Body Image: Surrendering Control


Editor's Note: We've been following Trinity on her journey through eating disorder recovery as she learns to accept herself and her body.  It's our hope to shed light on what this disorder looks like from the inside, as well as to provide support for Trinity through her progress.  This is the last post in this series, and we hope you've enjoyed following along with Trinity.

Words by Trinity Murray

Life is an incredible road that everybody travels down differently. Some drive with intense speed to reach their destination while some would rather take their time on a more scenic route. There are winding roads with twists and turns this way and that. There are paved roads and dirt roads and even ones made of brick. Many times we may find ourselves off the beaten path, and we might even lose our sense of direction. Maybe we run into some potholes or get stuck in thick mud. A few of these occasional obstacles we don’t always see coming, and a few others we may think we can handle if we hit them head on giving it all the power we’ve got. We must accept defeat in a small number of these challenges and call for backup. There is no shame in this! One thing is certain on this expedition…we are in the driver’s seat. We call the shots in our own lives.

There are instances where we might lose the control we thought we had. Maybe the road got a little too icy, you start spinning all over the place, and the next thing you know your hands are up in the air and Carrie Underwood is singing Jesus Take the Wheel in the passenger seat. This is bound to happen at one point, and please note that this is absolutely normal. One of the biggest lessons I have learned through my experiences so far on my journey through recovery is that we cannot always be in control of the situation at hand. That was and is still one of my biggest dilemmas because I love to be the one with the game plan. I make my lists and check them twice. However, if we let that desire for control take over…it will consume every fiber of our being.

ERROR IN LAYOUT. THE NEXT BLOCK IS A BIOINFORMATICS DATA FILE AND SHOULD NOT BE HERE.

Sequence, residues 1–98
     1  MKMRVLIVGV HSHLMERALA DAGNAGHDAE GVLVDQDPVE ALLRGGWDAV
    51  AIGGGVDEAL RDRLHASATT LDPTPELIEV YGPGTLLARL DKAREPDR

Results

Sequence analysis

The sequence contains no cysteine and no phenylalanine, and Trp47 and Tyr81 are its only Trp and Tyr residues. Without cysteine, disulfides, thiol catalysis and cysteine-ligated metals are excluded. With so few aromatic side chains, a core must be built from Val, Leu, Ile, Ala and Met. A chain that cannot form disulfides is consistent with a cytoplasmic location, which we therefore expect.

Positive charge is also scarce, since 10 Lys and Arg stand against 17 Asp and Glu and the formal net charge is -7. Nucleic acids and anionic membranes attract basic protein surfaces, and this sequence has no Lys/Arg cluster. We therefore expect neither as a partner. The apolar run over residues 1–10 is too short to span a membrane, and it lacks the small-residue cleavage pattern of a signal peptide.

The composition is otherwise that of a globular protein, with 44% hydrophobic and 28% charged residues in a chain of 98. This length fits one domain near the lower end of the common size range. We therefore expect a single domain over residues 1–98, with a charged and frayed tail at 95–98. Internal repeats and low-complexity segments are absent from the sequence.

A few years back when I was at my worst in terms of health, I felt that need for control. Everything around me from friend drama to family disputes just seemed way too chaotic for me, and I turned to drastic measures to try to combat these events. If I couldn’t control what was happening around me, then I would just have to learn to control what was happening within me. Numbers were my way of keeping things orderly. I counted calories and kept a strict limit as to how many I could consume each day never exceeding that amount. I figured out precisely how much was in a single Ritz cracker, an eighth of a serving of cheerios, one bite of a granola bar, and an individual almond. I counted tens of thousands of crunches, sit-ups, leg lifts, and push-ups to the point where I knew exactly how many grapes I could burn off by doing so many of a certain activity.

There came a time when I realized that I was actually not in control anymore. My behaviors had become habitual, and I had no other choice but to continue running on empty. That is when I decided it was time to call for backup. I threw my hands in the air and asked for someone else to steer me where I couldn’t steer myself. Looking back now, I was driving myself deeper and deeper into this ditch and really did need someone to pull me out. If you are anything like me, it can be difficult to ask for assistance because maybe you don’t want to burden anyone or think it’s a waste of time. Trust me when I say that your health and well-being is never a waste of time!

No matter the destination, your journey is what really matters in life. So if things seem a little bumpy, take it slow and remember that you are the driver. Every morning when you rise, it is your decision which paths you take. Choose wisely, keep your goals and health in mind, and enjoy the ride!

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Trinity is a small town girl studying Fashion Design at Kent State University holding onto the hope of becoming a fashion journalist. Though her passion is for fashion, she enjoys good conversation, great books, and lots of coffee.


Body Image | Body Talk | Eating Disorder | Mental Health